Universal Studios presents A BAD MOMS CHRISTMAS in a winning MPEG4-AVC transfer. We’re not looking for cinematic mastery from comedies like these, but it is important that we get a winning image as 4K will treat the even smallest issues like a baby treats a diaper. Luckily, the image is crisp while retaining at least a bit of filmic grain. Clothing is highly detailed and colorful, with individual threads readily seen. Skin color and pores look great, while strands of hair and other features are sufficiently lifelike. Sets and outdoor locations are fine, displaying good detail with very nice coloring. This aspect really works with the holiday theme of the movie, treating us to gorgeous reds, shiny silvers, and striking blues. Black levels are pinpoint and gradually descend to shadows instead of overtaking the image. As always, we get no visual noise at all, whether it be banding, aliasing, or artifacting. Visually speaking, Universal has presented us with a nice visual gift to unwrap for our holiday home theater.

A BAD MOMS CHRISTMAS offers a nice DTS-HD Master Audio 5.1 lossless soundtrack, courtesy of Universal Studios. Of course, we’re not too concerned about whether the thud of physical comedy emanates from the speakers perfectly, but the overall experience is as intense as needed, quiet when it wants to be, and loudly bombastic with music when the comedy gets going. The center channel features a dialed-up dialogue track (you can still hear some of the sound and music underneath), while the front channels aggressively display several aspects of the soundfield. There’s not a lot here that needs punching, but it’s clear that Universal wants to use the Christmas theme to its full effect; therefore, we get a lot of sleigh bells, fun Christmas-themed music, and the crashing and smashing of bad moms in the mall stealing Christmas trees.  The surrounds perform well enough, wrapping us in some outdoor sounds, but it’s nowhere near immersive. We also enjoy some fairly loud booming from the LFE, again as the rock-inspired soundtrack belts out the hits. You won’t have any trouble hearing the dialogue here, so sleeve your remote into the nearest holiday stocking.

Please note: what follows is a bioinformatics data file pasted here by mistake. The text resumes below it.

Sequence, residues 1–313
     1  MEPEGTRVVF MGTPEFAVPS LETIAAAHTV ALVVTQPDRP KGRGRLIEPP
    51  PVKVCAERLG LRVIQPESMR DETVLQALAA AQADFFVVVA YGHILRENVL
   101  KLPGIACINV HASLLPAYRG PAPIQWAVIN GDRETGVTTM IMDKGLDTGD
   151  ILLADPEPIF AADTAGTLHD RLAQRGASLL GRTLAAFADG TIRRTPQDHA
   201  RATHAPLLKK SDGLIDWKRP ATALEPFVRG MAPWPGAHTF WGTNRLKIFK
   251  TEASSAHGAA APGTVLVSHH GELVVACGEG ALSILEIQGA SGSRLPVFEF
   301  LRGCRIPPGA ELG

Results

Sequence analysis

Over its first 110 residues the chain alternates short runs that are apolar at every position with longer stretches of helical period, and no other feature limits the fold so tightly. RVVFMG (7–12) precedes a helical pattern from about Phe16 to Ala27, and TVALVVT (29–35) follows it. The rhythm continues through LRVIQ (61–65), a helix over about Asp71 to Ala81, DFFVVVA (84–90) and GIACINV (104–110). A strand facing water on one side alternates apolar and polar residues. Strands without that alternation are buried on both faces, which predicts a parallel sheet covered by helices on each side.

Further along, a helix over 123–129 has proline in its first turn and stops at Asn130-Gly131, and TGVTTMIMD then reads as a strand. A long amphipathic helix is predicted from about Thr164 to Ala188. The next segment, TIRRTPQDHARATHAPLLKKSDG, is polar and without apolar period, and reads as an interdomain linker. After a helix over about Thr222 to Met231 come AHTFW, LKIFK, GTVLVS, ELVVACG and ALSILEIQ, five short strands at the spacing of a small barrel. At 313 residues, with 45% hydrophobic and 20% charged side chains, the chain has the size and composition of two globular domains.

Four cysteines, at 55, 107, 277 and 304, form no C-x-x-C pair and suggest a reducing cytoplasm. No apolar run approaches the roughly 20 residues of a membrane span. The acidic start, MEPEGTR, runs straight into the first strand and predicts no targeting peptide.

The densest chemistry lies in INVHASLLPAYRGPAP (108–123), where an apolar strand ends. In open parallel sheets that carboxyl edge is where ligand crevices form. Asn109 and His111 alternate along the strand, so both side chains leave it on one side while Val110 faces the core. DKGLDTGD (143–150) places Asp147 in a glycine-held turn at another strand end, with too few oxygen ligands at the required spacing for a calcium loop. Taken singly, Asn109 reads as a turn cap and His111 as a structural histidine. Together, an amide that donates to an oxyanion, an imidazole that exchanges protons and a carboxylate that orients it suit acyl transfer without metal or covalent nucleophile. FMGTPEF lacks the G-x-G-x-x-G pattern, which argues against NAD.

Sadly, Universal totally misses the mark when it comes to the supplements (or lack thereof) for A BAD MOMS CHRISTMAS. The mere smattering of features include the following, with all displayed in HD:

  • Gag Reel (6:36)
  • Additional Scenes (3:52)
  • Crew Music Video (2:25)
  • Trailers: Red Band Theatrical Trailer #1 (2:04) and #2 (2:34)

Our evaluation copy arrived as a Blu-ray/DVD Combo and a Digital HD copy. The slipcase is fine, with sufficient colors displayed. There’s no interior artwork inside the eco-blue case. At the time of this posting, Target offered a $5 giftcard hidden inside the case, as if they were begging us to purchase it.

A BAD MOMS CHRISTMAS is a decently-acted but ultimately empty enterprise.  Save those Justin Hartley moments, the film is a bore, plucked of its strengths while its capable troupe gives their all to a script that’s bah-humbug.  Technical merits are fine as well, but it’s a tough sell for a recommendation.  Your best bet is to rent it and determine whether it belongs in your library. I think you’ll find the opposite is the case, as supplements are also very weak.

About the author

Besides being an ardent burrito eater and an exceptional sleeper, Matt shares in your passion for all things movies and Blu-ray. He also loves special editions and is known to triple-dip on command.